And then Cameron came close to a “PR Dave” moment. “In those days the world was a pretty empty place; there was room almost everywhere for the homeless stranger. Everywhere to which an alien might wish to take refuge is now overpopulated, and already with problems of its own.” And some refugees “are avaricious, some are saving their skin, some are on a bandwagon. But I have yet to meet a refugee baby who left home other than because he had to”. Were the followers of Moses not refugees, as they continued to be for 2,000 years, “until they replaced their exodus with someone else’s?”

A unique irony of our modern-day tragedy is that an Irish naval vessel has been saving the lives of thousands of shipwrecked refugees a few miles from the Libyan coast. A century and a half ago the Irish famine exodus was washing its refugees up on the coast of Canada, the vessels filled with men, women and children dying or dead of typhus, received with compassion – but also with fear that their plague would contaminate the people of the Canadian Maritimes.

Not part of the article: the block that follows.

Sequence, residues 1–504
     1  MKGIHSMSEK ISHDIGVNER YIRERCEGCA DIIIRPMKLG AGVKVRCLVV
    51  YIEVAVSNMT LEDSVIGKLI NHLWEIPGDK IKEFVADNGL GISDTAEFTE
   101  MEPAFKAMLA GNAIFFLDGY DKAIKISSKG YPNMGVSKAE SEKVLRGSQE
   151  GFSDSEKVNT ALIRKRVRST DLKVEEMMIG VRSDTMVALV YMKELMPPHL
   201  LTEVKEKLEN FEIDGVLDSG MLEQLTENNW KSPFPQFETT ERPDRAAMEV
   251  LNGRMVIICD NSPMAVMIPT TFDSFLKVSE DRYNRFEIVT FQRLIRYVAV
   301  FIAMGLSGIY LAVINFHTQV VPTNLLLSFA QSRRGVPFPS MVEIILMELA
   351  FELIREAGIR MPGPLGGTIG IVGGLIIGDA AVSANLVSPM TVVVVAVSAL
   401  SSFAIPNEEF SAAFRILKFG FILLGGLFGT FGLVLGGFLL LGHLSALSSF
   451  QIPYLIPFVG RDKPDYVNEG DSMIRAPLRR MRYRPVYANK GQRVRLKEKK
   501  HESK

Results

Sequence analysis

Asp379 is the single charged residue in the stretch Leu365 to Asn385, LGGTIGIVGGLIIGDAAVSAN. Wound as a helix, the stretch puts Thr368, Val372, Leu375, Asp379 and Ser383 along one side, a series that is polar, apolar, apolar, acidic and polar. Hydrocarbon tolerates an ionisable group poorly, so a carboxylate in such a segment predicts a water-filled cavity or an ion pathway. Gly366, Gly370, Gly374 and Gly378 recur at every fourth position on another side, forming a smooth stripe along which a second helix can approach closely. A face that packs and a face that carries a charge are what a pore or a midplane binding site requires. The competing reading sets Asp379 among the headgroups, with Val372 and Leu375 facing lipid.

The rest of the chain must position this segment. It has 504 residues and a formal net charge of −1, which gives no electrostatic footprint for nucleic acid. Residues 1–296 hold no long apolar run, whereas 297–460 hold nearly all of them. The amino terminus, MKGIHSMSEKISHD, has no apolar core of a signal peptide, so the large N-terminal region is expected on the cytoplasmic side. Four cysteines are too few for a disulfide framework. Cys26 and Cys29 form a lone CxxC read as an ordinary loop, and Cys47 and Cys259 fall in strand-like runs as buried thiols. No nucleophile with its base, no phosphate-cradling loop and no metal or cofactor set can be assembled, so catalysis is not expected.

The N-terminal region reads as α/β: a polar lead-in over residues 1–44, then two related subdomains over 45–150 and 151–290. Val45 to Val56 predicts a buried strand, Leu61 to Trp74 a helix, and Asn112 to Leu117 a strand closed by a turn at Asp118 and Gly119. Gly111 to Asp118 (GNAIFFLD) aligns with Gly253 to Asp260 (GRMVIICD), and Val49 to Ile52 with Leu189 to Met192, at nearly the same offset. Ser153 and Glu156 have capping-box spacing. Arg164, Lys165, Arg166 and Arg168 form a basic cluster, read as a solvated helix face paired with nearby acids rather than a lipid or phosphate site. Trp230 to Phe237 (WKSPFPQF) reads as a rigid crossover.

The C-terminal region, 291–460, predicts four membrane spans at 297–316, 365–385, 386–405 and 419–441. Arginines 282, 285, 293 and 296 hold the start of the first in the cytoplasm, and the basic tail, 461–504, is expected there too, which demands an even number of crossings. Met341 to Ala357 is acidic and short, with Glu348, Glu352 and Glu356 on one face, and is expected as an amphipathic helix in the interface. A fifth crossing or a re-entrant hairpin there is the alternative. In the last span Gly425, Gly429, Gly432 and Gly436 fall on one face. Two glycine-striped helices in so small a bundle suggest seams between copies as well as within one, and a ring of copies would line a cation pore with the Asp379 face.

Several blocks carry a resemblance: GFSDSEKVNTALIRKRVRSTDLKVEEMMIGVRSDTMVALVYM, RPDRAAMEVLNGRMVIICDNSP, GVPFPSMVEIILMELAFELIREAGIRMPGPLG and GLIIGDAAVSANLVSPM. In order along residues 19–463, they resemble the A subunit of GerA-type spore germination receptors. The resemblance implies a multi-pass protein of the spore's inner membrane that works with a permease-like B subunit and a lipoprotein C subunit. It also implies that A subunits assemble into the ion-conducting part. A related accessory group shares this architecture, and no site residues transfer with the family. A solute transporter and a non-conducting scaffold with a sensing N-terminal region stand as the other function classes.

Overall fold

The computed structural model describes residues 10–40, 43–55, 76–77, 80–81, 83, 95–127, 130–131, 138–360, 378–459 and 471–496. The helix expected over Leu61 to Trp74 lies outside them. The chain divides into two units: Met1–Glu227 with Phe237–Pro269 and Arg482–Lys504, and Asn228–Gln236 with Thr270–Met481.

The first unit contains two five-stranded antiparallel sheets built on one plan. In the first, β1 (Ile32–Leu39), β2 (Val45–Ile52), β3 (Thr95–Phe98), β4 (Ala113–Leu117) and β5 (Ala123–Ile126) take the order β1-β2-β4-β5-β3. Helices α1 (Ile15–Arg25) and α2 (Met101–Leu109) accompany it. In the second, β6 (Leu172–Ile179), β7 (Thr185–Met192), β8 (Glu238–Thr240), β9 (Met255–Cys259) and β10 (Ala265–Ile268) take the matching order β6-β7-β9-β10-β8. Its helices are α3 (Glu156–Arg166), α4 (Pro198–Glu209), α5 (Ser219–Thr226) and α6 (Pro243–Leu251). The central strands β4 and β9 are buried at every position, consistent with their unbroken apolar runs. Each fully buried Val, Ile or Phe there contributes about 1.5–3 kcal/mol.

Yes, “something should be done” about the refugees. As they say, necessity knows no law. Nor does compassion. 

[This is an abbreviated first page of a long article by Robert Fisk. ]

Wednesday, 2 September 2015

Refugees are human

Owen Jones                         Guardian/UK                 28 August 2015

It is horrific that people are drowning and suffocating to reach safety. These stories should be a reminder that migrants are not just statistics